I do not fit the Dutch stereotype, and as I do not live in a large city, I live a normal life of using the train and car more often to get around.
The Dutch truly are wonderful how they cycle as much as we picture them. Nothing quite beats seeing a beautiful lady on a beautiful bike, with two or three smiling blond children, and several shopping bags.
6. You don’t really need to learn Dutch do you? They all speak fluent English.
There’s no denying it, the Dutch are fantastic English speakers, which does come in handy, especially during your first few months as an expat. This does not mean, however, that a life without knowledge of the native language is easy.
I am at present buying a house with my partner. While there are several fantastic expat-focused mortgage advisors, notaries and other associated services, I decided that I would accept the challenge of attempting the paperwork and conversation in Dutch. It must be said my partner is wonderful and translates for me when necessary. The saying ‘being thrown in at the deep end’ is true; I have learned most of my Dutch from such situations.
Studying a language within a small group helps hugely in terms of boosting your confidence, although being brave enough to go it alone is the key and hey, if you make a mistake, the Dutch are friendly and kindly switch to English or teach you how to say it correctly in Dutch.
7. Did you see the new series on Channel 4 last night?
Simple answer: No, I did not. For me, Dutch television is not a great alternative to British comedy, soaps, dramas and series. A combination of American programs and talent shows seems to grasp the attention of my Dutch friends. I am yet to decide if my lack of interest in Dutch television can be put down to a language barrier or a simple dislike of the options available. I would be curious to hear how other expats feel about this.
8. “Can we stay at your place?”
“There’s a great gig on in Amsterdam in a few months time, could we stay at your place?” One alternative to watching television is of course to get out and explore the many beautiful canal-side restaurants, theatres and attractions. I wish I had more time to do so.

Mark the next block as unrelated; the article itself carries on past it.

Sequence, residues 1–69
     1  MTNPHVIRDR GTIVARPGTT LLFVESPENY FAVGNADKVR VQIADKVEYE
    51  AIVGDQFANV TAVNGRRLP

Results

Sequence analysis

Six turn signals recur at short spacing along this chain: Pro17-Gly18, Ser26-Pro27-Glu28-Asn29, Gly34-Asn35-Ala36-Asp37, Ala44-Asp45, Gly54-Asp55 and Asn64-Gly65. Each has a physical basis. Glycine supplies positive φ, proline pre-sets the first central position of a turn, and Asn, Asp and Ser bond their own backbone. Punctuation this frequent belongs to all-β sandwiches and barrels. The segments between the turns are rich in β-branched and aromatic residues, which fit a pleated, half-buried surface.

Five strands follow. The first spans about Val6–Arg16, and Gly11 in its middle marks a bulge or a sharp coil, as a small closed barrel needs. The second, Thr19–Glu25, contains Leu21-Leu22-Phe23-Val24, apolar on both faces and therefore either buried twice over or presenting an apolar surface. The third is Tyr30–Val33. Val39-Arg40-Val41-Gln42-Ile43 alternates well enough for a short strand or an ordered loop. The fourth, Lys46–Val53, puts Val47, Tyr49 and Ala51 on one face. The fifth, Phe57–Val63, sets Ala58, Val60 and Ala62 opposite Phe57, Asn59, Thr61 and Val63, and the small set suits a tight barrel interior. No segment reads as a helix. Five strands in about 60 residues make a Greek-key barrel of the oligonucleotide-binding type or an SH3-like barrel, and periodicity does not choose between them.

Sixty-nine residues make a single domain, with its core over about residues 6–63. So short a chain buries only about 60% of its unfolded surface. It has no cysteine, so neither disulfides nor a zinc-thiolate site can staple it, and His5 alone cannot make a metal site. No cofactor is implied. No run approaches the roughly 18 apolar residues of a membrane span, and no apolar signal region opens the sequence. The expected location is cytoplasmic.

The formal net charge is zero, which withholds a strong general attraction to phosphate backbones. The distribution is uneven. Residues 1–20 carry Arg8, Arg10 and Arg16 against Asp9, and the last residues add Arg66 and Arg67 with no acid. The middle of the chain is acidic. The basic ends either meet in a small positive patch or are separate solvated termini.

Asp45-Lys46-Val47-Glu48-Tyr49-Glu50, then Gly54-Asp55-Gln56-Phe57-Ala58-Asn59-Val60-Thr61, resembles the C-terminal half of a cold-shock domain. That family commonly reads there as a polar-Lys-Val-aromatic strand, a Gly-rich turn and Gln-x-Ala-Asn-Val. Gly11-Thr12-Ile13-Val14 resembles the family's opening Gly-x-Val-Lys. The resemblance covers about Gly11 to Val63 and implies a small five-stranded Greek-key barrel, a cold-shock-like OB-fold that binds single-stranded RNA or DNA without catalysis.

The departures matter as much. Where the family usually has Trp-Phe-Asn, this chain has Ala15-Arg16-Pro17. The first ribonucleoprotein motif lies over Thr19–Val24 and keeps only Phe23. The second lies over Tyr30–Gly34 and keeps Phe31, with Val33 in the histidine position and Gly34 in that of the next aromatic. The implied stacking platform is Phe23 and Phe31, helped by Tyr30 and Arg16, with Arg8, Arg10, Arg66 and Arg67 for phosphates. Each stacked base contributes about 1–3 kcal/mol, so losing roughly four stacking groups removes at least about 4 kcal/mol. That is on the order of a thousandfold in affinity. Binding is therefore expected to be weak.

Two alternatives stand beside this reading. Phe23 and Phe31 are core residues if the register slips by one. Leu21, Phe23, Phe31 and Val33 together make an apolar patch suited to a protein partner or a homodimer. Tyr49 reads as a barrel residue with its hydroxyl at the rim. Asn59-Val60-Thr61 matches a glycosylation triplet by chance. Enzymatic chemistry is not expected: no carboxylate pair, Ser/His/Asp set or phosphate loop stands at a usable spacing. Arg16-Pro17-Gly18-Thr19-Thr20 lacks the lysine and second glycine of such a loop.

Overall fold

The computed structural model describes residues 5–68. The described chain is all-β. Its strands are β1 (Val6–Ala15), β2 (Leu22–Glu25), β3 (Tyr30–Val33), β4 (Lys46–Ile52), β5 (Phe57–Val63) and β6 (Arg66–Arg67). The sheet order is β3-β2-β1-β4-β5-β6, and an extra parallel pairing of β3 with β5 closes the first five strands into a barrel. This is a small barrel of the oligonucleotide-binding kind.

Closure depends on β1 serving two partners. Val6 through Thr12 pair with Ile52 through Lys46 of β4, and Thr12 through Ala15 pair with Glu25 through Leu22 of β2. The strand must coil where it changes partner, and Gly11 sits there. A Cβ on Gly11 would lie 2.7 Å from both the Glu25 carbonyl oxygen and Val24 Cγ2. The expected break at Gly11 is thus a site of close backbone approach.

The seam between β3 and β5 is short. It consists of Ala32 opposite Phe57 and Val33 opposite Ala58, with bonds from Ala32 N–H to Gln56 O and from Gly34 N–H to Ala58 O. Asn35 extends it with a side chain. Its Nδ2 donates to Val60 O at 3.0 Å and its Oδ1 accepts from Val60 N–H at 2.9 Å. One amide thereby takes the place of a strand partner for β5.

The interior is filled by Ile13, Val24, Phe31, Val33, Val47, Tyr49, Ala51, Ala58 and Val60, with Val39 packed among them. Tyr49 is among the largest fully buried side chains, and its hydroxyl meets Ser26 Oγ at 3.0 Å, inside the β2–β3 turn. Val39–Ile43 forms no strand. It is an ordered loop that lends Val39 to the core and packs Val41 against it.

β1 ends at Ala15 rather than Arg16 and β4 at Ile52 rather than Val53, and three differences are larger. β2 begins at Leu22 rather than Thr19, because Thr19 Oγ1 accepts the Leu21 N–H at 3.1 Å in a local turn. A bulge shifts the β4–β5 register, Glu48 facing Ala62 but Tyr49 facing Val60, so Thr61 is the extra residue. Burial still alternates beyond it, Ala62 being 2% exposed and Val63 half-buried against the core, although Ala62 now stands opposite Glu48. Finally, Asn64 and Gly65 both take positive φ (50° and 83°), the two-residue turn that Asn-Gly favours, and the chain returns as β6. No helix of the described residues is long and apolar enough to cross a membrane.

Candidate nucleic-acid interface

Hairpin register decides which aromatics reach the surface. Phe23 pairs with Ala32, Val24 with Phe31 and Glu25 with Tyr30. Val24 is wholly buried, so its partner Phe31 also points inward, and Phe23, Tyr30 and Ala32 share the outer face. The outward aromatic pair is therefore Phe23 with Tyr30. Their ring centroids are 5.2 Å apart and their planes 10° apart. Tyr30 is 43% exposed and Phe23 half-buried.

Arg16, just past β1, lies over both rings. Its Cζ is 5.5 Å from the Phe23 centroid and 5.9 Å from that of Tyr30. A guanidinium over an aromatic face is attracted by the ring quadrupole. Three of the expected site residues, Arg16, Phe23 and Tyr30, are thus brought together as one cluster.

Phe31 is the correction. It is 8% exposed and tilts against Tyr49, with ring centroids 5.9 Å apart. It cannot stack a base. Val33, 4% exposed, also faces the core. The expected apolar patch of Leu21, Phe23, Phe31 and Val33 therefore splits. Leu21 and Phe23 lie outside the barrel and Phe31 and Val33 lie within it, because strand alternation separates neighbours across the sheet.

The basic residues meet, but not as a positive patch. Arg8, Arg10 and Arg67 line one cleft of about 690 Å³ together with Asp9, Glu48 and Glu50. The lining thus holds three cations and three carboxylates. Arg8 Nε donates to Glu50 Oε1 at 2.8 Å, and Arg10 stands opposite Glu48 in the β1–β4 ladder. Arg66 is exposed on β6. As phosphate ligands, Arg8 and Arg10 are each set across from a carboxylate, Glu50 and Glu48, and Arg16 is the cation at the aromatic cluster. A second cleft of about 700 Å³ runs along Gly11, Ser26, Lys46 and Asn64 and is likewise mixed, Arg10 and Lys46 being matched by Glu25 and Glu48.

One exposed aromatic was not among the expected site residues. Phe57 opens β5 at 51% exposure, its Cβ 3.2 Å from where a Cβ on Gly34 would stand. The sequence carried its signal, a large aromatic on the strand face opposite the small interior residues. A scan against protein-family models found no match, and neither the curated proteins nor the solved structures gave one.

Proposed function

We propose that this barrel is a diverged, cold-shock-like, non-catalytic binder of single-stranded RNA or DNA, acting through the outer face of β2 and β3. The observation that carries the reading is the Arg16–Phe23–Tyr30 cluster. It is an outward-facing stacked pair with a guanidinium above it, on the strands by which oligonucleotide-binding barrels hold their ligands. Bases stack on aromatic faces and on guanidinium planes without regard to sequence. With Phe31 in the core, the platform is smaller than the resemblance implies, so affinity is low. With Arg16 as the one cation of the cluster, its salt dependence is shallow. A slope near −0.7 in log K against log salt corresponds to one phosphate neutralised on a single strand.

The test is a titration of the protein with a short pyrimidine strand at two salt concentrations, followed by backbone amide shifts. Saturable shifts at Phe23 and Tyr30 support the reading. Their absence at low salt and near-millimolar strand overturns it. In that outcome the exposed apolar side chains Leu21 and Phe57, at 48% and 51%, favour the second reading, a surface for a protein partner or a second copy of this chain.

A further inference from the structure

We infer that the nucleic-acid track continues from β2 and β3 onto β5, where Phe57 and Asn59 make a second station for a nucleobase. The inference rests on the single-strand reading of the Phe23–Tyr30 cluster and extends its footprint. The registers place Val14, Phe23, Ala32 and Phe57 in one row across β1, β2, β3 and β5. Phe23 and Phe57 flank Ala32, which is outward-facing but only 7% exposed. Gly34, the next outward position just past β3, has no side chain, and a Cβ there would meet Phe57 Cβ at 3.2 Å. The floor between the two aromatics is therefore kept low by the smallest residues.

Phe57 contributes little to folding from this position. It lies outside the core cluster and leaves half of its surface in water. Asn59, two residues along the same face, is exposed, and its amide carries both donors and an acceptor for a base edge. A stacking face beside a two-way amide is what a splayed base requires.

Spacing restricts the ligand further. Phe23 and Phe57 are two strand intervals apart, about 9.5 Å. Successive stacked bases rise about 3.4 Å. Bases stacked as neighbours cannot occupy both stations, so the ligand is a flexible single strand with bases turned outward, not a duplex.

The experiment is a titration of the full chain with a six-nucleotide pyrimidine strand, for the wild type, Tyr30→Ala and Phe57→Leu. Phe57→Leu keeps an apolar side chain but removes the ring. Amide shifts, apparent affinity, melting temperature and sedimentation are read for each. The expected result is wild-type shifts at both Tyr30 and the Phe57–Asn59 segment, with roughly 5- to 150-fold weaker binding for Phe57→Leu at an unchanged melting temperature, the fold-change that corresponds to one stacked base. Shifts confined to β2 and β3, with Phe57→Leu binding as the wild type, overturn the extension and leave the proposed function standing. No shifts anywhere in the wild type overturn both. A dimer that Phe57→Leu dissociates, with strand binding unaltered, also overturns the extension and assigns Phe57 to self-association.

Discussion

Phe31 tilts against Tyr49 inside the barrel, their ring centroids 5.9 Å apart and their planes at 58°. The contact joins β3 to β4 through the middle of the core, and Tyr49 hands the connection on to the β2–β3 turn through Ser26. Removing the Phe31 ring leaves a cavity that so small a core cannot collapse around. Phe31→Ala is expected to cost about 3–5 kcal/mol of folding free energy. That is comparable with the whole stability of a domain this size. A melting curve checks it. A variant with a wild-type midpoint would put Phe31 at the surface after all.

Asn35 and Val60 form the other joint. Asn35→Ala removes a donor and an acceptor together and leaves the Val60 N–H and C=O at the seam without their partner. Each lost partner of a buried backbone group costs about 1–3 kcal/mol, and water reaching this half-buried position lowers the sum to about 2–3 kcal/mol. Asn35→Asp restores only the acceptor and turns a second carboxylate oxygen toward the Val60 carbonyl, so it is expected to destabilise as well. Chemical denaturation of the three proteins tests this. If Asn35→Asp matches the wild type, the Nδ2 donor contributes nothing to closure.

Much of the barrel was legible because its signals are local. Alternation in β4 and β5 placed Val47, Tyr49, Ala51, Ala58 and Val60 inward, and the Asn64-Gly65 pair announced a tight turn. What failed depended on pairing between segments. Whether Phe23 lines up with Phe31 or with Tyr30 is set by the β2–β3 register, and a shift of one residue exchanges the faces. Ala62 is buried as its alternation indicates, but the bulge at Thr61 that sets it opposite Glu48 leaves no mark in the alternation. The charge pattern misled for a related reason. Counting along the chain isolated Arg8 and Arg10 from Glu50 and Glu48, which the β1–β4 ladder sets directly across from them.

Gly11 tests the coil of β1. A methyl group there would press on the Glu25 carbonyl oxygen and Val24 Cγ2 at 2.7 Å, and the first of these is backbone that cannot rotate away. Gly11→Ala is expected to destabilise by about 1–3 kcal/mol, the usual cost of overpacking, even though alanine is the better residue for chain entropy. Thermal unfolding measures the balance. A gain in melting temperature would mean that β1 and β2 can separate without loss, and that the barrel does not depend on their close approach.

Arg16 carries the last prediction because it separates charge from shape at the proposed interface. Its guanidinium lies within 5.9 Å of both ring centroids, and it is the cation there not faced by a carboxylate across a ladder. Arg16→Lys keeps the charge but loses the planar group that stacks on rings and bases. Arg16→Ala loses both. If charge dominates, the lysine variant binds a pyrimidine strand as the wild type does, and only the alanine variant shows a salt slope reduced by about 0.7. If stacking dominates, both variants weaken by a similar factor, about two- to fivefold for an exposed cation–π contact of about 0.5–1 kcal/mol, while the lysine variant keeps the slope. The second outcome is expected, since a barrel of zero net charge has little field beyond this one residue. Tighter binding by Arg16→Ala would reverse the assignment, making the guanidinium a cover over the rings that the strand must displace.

My friends on several occasions have asked if they could come and ‘crash’ on my sofa while enjoying a fun-filled weekend in Amsterdam. But I didn’t feel it was because they were interested to go exploring with me. The novelty of my home being used as free accommodation wore off quickly, I’m afraid. Now I prefer to reserve my ‘cosy’ little house in the Netherlands for those who come to see me. A weekend sitting outside drinking coffee and eating stroopwaffels with true friends sounds far more appealing than picking up after those who just ‘crash’ here.
9. So, you’ll be moving home in a couple months’ time then?
During my first few months in the Netherlands I had no idea how long I would be staying for. My partner became tired of hearing me say, “Yes I like it here but that doesn’t mean we won’t try life together in the UK one day.”
While deep down this remains true, after finding a job, making a comfortable home, and building relationships with new people, chances of going back to England have significantly reduced. I could go back and I am sure I would be happy, but I don’t feel the need to change life in the Netherlands while it is going well. I am fortunate; my family is a mere 50-minute flight away. I know for other expats, this decision would be more prominent.
10. You are different now.
I am never sure how to respond to this. The best reply is, “thanks I am differen’t”, I suppose.